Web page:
Macro photography [ Fwd: Saravanan]
Macro photography, as demonstrated here by David Chambon, a photographer working in Doubs in eastern France, requires a decent light-source – and in this case it is the jewel-like droplets which capture the light so essential for these works of art.
This stunning shot looks almost like a Pixar animation: The dragonfly peers back at the camera with large beady eyes
Thousands of tiny drops cover this dragonfly’s body as the dew takes hold
The entire insect seems covered by the dew, with the creature keeping just its hands exposed
Clinging to the edge: The bubbles of water magnify the beauty and reveal the details and bright red, orange, green and blue colours of the flying insects
The countless bubbles seem suspended like ornaments on top of the creatures, the moisture turning them into natural diamonds.
Photographer David Chambon, 31, said: ‘I love capturing sleepy dragonflies in the morning dew with my camera.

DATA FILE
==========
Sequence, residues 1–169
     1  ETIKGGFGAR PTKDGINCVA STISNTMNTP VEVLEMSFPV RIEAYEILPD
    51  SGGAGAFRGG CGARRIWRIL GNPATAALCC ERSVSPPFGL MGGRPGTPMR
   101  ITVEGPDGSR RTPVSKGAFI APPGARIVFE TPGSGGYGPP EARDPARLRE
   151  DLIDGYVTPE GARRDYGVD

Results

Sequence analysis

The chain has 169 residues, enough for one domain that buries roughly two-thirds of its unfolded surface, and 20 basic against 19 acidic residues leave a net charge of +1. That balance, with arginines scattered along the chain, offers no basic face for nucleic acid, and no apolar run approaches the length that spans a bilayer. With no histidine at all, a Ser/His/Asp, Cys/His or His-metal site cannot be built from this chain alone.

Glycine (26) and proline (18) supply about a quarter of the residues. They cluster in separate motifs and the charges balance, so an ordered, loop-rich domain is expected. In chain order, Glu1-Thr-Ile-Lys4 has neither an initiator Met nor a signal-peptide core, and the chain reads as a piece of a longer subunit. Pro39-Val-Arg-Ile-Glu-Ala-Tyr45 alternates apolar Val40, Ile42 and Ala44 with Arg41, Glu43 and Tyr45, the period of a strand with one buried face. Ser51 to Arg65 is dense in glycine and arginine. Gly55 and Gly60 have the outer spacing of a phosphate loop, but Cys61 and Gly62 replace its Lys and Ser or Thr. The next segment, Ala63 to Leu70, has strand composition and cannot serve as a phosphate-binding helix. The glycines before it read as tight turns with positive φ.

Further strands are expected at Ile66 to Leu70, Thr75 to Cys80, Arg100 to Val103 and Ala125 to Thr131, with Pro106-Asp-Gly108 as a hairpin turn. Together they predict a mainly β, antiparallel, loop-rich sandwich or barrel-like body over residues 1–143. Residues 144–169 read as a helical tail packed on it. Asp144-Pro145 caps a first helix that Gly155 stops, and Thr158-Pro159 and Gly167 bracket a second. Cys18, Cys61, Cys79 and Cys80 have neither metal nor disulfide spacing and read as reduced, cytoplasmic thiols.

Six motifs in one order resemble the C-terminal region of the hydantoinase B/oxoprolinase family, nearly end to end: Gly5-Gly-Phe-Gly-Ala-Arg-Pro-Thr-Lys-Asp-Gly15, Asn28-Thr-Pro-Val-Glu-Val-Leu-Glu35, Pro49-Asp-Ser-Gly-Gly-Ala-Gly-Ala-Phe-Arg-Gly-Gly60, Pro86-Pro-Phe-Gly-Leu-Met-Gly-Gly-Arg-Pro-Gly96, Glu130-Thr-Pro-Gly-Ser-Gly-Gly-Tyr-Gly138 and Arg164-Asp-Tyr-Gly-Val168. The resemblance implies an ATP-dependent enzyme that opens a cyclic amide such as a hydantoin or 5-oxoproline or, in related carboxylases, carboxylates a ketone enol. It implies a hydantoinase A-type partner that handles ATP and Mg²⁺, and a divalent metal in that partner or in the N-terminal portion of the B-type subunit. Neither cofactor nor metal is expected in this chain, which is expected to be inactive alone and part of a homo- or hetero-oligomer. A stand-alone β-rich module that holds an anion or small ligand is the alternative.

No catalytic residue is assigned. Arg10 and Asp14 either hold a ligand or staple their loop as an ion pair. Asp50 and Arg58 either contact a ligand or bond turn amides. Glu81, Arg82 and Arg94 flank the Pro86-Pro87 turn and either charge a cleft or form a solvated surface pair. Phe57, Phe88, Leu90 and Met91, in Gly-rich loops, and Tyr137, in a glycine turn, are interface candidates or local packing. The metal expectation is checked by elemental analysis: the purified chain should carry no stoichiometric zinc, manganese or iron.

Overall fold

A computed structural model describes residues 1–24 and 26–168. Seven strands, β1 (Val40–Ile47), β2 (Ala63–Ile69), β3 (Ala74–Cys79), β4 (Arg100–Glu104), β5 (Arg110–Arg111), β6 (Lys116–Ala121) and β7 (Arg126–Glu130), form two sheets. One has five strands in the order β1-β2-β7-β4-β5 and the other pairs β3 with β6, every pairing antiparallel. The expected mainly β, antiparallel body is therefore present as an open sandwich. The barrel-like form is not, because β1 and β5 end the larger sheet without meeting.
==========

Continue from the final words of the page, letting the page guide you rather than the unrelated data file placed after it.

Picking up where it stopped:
‘They look like pure gems. It’s always an adrenaline rush. You have to go very slowly not to disrupt them and to make sure they don’t fly away.’
The red dragonfly clings to a stalk – a far cry from pre-historic days when these insects could measure their length in feet
Thousands of tiny drops cover the insects – making them look like early-morning jewels
Frond of the mornings: The creatures do not seem perturbed by the influx of water, perhaps enjoying the early morning wash
He added: ‘I took these pictures at dawn during a holiday.
‘I live five minutes from a natural reserve in Franche-Comte in the Doubs, in France, which is the perfect place for macro photography.
‘I can’t describe these moments because each of them is different and each time it’s a surprise.
‘Macro photography is a really beautiful area, seeing these insects so close to their intimacy gives me chills every time.’
Cone fly with me! This little bug sits on the end of a leaf or cone, staying motionless until the sun gives it a good drying off
Who you looking at? This bug peeks out from over the fronds, keeping an eye on our beady photographer
It’s a bug’s life: But with a ready supply of water, life should not get too tough
Is my picture dew? This dragonfly looks positively soaked by the clinging drops of water
Bugged off: The fly clings to this leaf, perhaps weighted down by the sheer mass of water clinging to its surface
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